Hi, I'm Kelly, a Canadian with a passion for Cuba. I've been there many times and for me, travel has always been about connecting with the local people and culture.  But since my first solo trip to the island in May of 2014, my approach to traveling (and to a degree, life in general) has changed forever. 

Going alone enabled me to venture way outside of my comfort zone on my own terms.  It was a bit of a challenge -- I’d recently hit the age of 50 and my life was in a massive, gaping rut.  I knew a total of 10 Spanish words, had no experience with "back-packing", and I had convinced myself that covering as much ground as possible was a good plan.  

My original idea to make tracks across the island quickly gave way to focusing on one place at a time, because I realized that was the only way to really dig in and to avoid simply being an observer.  As a result, I left two weeks later in a very different state than when I arrived.  Say what you will about the stunning beaches and the famous Malecón -- the Cuban people are, by far, the most fascinating aspect of this island and the only real conduit past what you see in the marketing material.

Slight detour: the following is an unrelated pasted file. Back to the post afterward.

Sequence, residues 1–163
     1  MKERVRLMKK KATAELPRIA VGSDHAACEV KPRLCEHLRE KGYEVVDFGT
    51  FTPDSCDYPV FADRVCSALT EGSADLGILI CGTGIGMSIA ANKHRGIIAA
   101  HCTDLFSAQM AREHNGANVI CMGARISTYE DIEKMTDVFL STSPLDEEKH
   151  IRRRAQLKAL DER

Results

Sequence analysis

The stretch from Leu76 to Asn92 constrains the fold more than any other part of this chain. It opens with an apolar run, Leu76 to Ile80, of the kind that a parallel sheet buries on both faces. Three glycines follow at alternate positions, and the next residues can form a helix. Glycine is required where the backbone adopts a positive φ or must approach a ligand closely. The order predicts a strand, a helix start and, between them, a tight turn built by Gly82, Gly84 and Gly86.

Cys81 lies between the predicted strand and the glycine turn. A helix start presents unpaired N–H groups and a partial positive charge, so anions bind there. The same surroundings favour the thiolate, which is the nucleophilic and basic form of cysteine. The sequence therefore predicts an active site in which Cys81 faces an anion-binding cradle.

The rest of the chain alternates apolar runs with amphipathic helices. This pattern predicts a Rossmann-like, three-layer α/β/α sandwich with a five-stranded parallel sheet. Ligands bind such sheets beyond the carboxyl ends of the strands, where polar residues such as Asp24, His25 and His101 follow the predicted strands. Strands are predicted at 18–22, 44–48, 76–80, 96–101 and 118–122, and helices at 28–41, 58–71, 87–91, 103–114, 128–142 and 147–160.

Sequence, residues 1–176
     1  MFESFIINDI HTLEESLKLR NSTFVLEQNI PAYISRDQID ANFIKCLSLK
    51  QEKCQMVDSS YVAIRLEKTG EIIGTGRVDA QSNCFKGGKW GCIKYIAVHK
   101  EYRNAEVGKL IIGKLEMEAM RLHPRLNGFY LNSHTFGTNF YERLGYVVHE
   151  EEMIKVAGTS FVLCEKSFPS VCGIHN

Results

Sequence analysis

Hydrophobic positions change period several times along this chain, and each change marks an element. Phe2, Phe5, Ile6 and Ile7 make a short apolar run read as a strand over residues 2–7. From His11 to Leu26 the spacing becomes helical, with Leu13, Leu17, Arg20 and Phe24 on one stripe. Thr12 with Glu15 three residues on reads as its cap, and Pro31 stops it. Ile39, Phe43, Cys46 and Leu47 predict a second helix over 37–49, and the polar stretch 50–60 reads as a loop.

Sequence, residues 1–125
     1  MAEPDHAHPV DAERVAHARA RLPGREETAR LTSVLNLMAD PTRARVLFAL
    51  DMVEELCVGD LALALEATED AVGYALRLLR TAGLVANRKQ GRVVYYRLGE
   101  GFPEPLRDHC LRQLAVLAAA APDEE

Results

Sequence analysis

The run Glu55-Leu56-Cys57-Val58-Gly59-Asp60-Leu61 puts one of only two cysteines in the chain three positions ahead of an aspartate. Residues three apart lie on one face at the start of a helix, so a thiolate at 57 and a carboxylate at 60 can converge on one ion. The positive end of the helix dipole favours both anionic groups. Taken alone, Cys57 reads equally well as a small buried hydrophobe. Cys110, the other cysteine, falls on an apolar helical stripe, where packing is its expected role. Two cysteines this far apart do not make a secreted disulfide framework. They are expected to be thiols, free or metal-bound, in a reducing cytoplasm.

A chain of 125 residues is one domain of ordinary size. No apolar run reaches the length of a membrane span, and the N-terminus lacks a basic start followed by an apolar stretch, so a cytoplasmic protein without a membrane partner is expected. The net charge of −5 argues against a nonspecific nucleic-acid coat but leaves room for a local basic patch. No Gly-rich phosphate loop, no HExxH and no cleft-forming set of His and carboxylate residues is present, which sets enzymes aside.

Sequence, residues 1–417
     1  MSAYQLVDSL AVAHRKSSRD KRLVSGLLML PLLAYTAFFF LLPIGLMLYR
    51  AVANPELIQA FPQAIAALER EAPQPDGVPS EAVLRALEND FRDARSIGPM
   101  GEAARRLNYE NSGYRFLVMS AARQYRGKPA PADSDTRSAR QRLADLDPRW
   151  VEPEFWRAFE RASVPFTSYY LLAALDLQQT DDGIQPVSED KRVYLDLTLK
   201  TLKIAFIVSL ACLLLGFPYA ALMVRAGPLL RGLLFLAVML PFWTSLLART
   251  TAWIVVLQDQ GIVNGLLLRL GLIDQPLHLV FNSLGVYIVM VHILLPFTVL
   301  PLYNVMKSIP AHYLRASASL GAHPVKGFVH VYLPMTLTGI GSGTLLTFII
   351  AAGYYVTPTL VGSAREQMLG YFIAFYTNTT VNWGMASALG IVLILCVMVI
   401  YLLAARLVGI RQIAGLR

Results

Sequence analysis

I've long since tossed the rose-colored glasses. I've realized the notion that each and every Cuban can be described as desperate, poor and a model of perfect humanity is not only inaccurate – it's disrespectful.  They are generous despite their lack of stuff, they're unabashed with their emotions, and decades of austerity have not wilted their ability to dance and sing and celebrate life.  They're also complicated and imperfect - my time spent on and off the path has thrown light on that point.  But with clarity comes wisdom, and with challenge comes enrichment.

This is my work in progress - meeting locals, engaging in their everyday lives, documenting and sharing with you. In doing so, my hope is that we can inch just a little closer to really understanding them.

It takes time to grasp this place. I suspect it may be a perpetual learning curve. 

I'm game.  Are you?